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Bill for substitute teachers soars to €183m

MORE generous maternity leave provision is pushing up the cost of providing substitute teachers in schools to over €180m per year, new figures confirm.

This year's substitution bill is €183m, a third of which goes on maternity and related leave, while less than one-tenth is uncertified sick leave.

Women are now entitled to 26 weeks paid maternity leave and 16 weeks unpaid leave -- up four weeks on a couple of years ago.

The figures also show that the cost of uncertified sick leave is €17m compared with €45m for certified sick leave.

From January, the Department of Education and Science will no longer provide paid substitution for uncertified sick leave. Nor will it provide for substitution for teachers absent on official school business which currently costs €13m.

Teachers' union the INTO said the figures disproved the notion that there was a problem with uncertified sick leave among teachers -- they showed that it worked out at an average of just over one day per teacher per year.

"This is not high by any means," said John Carr, the union's general secretary.

He said costs in relation to substitution had increased, but these were due to improvements in maternity leave provisions and in payment rates for substitute teachers.

"Schools make every attempt to find a trained teacher to cover for absent teachers," said Mr Carr.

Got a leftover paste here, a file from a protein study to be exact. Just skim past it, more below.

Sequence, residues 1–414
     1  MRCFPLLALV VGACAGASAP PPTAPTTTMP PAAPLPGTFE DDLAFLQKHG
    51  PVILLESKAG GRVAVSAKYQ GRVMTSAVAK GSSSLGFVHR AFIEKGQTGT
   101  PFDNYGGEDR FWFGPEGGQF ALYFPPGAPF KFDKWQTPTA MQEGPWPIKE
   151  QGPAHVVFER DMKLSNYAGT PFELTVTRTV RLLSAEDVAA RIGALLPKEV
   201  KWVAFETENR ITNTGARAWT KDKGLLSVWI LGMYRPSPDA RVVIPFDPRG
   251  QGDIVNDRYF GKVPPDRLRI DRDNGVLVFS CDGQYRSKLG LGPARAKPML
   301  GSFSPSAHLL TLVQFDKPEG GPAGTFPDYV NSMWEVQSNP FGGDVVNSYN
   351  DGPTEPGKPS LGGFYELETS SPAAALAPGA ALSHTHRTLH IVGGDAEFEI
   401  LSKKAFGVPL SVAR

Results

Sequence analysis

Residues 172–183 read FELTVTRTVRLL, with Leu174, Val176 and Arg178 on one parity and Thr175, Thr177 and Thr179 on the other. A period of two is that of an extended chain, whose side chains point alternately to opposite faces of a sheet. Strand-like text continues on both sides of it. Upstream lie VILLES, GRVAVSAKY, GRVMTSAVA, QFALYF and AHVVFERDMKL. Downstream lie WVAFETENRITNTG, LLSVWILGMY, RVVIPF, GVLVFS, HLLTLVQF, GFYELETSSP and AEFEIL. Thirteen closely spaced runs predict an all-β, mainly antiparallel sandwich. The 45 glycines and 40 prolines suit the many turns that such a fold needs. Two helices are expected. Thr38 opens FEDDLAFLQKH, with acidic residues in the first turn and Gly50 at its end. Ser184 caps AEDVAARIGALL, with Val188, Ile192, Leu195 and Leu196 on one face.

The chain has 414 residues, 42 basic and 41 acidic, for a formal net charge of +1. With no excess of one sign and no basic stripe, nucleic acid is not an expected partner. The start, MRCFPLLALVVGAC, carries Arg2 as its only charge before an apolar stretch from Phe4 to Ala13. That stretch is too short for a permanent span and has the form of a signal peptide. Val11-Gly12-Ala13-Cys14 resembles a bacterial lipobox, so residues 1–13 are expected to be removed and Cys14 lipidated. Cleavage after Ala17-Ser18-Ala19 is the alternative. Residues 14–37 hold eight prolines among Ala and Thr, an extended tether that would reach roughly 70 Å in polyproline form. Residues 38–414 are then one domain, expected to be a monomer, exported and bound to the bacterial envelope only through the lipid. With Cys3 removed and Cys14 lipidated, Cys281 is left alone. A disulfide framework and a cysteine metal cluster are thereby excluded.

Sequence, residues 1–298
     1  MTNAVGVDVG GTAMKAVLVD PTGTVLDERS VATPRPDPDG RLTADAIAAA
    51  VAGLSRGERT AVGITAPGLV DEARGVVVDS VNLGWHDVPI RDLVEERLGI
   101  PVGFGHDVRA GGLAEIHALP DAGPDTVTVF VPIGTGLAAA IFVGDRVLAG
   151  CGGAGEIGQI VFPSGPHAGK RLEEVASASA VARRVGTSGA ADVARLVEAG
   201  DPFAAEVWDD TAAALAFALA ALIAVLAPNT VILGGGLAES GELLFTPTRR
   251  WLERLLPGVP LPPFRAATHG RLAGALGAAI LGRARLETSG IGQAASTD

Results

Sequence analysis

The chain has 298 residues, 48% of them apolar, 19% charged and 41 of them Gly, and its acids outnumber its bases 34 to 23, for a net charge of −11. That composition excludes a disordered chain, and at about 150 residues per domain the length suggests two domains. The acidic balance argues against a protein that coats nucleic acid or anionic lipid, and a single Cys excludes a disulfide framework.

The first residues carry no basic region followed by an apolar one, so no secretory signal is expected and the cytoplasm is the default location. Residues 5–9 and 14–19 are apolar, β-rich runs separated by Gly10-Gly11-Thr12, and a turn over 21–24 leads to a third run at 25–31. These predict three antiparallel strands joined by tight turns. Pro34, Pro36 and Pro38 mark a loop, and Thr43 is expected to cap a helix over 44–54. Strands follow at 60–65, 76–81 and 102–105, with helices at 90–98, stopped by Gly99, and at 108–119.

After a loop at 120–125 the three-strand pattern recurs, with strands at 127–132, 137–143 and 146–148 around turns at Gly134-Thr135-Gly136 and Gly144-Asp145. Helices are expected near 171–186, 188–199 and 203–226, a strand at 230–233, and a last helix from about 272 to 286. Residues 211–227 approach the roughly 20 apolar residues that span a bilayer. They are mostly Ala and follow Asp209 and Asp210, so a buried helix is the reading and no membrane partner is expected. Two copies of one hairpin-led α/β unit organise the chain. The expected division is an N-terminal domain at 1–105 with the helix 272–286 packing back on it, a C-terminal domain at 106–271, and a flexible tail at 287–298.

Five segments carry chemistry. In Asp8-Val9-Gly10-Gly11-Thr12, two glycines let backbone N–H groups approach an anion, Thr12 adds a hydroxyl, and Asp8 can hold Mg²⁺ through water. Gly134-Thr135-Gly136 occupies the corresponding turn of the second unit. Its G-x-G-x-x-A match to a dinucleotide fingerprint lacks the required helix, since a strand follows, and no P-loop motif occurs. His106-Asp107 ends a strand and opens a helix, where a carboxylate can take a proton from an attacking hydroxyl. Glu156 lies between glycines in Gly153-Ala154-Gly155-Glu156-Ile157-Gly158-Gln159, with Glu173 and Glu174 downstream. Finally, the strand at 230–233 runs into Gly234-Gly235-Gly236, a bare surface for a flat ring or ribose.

"This has impacted on the overall cost, but schools should not have to apologise for looking for a trained teacher to teach classes."

Other cuts will also have a severe impact, according to Michael Moriarty, general secretary of the Irish Vocational Education Association, which has just carried out a survey of the effects on VEC schools and colleges.

He said that 425 teaching posts would be lost to the sector as follows:

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l Some 180 will go in mainstream schools because the pupil-teacher ratio is being raised to 19:1.

l A total of 157 will go because the ratio is being raised to 17:1 for post-Leaving Certificate courses.

l Some 88 will go following the withdrawal of previously approved disadvantaged posts and because of the capping of language support teachers.

"In addition to these cuts, VECs will have to implement the government directive to achieve a 3pc cut in their pay budgets in 2009. The 5pc budget cut in the adult education budget will also draw in excess of €4m from the sector," he said.

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